SPEAKING OF PICTURES: A VINTAGE GRAPHICS BLOG

A RAPID CHANGE IN MIDTOWN ARCHITECTURE

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We used to be pretty bored with midtown Toronto architecture and its precious earnestness seeping into everything about the place. We’re delighted to survey here the new mid-town, dropping British constraint and beginning to see the point of shooting skyward. The residue of New York City devolving from this change—unlike the old idolatry regarding London—cares little for New York landmarks, and prefers to introduce its own landmarks, produced in conjunction with architects from all over the world.

The ROM’s dish of badass—if you leave aside the shambles of the delivery of the collection—is, from the street, anyway, not only making a contribution in itself but having an impact on the surround.  Continue reading

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OUR VINTAGE POSTER GALLERY TREASURE TROVE !

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The permanently situated framed vintage posters (for sale) in our entrance-way gallery and the rotating display of unframed vintage posters in our studio combine to provide in a flash (the speed, in fact, posters get going with blowing us away) the kind of communication great designs, almost always in a crowd, thrive upon. Our first three designs, larger than first imagined, by virtue of large frames, play along as a story of seasons–fall, winter, spring/summer, in that order. Moreover, the first two designs pertain to luxury apparel in connection with the season at hand–this being a launch pad, among other things, for meeting the public.    Continue reading

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WHERE THE LIVEWIRES LIVE (IN EXTERIOR AND INTERIOR ARCHITECTURE)!

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At last week’s IDS design show/think-tank/trade day, Norwegian architect, Craig Dykers declared that interior design would be better called “interior architecture.” His reasoning was that the makings of an effective interior involve complex considerations akin to those of architecture as generally understood. Though at first blush this sounds facile, patronizing and wrong-headed, by following the heart of several presentations (including that of Dykers) we come to the exciting jist of how the two disciplines merge.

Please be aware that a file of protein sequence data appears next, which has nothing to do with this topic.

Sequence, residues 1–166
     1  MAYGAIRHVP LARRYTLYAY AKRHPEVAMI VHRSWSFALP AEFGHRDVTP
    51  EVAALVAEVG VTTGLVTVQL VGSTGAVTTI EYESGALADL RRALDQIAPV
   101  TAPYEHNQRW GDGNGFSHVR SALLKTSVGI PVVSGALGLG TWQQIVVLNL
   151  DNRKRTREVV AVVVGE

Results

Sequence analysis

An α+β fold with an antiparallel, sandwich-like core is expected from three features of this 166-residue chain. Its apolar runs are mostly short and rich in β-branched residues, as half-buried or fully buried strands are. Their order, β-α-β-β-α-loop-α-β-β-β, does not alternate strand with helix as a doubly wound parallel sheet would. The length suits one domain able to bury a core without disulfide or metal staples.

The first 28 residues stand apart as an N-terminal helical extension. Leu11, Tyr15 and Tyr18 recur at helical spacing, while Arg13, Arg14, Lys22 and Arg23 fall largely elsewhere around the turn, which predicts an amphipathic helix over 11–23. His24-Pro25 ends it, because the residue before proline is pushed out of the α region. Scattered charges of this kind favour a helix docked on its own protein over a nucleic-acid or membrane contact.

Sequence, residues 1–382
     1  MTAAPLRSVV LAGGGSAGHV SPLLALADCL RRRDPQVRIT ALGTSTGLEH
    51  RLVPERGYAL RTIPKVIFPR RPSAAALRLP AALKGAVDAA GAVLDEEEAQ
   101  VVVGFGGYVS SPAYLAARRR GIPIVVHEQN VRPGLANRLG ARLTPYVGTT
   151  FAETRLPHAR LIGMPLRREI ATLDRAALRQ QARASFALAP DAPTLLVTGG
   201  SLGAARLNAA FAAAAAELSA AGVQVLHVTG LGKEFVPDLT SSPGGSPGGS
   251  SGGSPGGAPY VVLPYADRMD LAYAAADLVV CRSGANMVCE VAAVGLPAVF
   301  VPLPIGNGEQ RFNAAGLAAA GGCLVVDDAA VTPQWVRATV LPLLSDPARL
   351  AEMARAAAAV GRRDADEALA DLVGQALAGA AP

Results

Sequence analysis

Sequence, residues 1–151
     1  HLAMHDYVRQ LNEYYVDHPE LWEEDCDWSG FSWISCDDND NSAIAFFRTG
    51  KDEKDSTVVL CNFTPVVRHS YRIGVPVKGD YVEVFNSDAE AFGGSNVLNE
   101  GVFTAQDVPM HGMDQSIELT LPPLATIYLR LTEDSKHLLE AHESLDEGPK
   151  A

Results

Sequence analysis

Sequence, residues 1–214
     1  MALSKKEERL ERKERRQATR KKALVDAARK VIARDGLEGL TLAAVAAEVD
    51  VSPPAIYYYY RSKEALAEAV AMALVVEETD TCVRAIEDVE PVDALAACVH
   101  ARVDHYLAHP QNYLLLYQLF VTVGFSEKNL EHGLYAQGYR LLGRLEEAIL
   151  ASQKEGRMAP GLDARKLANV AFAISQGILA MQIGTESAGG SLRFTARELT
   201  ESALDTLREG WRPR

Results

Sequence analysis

Dykers’ slide show included the photo above, showing his Snohetta staff on their annual trek to the Norwegian wilds, more specifically the home of Valhalla as pertaining to the Viking energies of their world-wide hunt for treasure. This was, however, not a primarily Ultraman macho test, but instead an exposure to silent kinetic forces at the essence of their métier. In accordance with that navigational foundation, Dykers’ was far from the only voice casting doubt upon academic credentials as adequate for the future of profitable building and designing in the 21st century.      Continue reading

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RALLYING FROM ADVERSITY– ADVENTURE DESIGN BY FORTUNE MAGAZINE

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Fortune February 1937 ;Antonio Petruccelli;13 3/4″ x 11″;A-,P; complete magazine

These days financial reversals are a dark cloud we try to put in perspective. A most elegant and resolved instance of picking up the pieces can be found in the Depression-era editions of Fortune Magazine.

Today we’ll be guided by the cover (as to putting out a dangerous aberration) shown above, with its iconic deco graphic design by the superb Antonio Petruccelli, to make our way to an account of its contents facing up in various ways to craft and enterprise challenged to rising to the occasion.  Continue reading

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A MOVIE HOUSE HEAVEN, HERE IN TOWN!

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The Rainbow Theatre, in Toronto, is that rare conjunction of a staff of young, savvy and sweet devotees, a fabulously appointed vehicle and movies that matter. Housed in a former deep underground parking lot across from the ancient St. Lawrence Market food emporium, it constitutes a challenge to industrial design on the order of maintaining the poetry of the produce on the screen, in face of flagging everydayness.    Continue reading

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THE VISUAL ESSENTIALS OF MUSIC

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http://www.idesirevintageposters.com/entertainment-mostly-mozart-festival-1974.html

We all know that music can make large and important inroads into middling experience. The impact of music in movies, for instance, can leave us enchanted with the action. There are fascinating vintage posters and other graphics which try to approximate visually the lift of musical intervention.